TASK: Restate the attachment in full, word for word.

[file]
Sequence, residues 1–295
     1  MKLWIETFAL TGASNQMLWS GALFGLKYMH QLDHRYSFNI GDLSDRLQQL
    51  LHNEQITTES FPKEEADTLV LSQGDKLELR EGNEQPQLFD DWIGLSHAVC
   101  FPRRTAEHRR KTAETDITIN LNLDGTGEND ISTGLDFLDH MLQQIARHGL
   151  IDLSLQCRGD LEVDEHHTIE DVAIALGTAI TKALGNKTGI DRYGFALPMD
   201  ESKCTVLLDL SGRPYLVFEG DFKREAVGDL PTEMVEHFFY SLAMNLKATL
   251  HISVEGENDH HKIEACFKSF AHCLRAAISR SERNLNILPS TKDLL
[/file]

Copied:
Sequence, residues 1–295
     1  MKLWIETFAL TGASNQMLWS GALFGLKYMH QLDHRYSFNI GDLSDRLQQL
    51  LHNEQITTES FPKEEADTLV LSQGDKLELR EGNEQPQLFD DWIGLSHAVC
   101  FPRRTAEHRR KTAETDITIN LNLDGTGEND ISTGLDFLDH MLQQIARHGL
   151  IDLSLQCRGD LEVDEHHTIE DVAIALGTAI TKALGNKTGI DRYGFALPMD
   201  ESKCTVLLDL SGRPYLVFEG DFKREAVGDL PTEMVEHFFY SLAMNLKATL
   251  HISVEGENDH HKIEACFKSF AHCLRAAISR SERNLNILPS TKDLL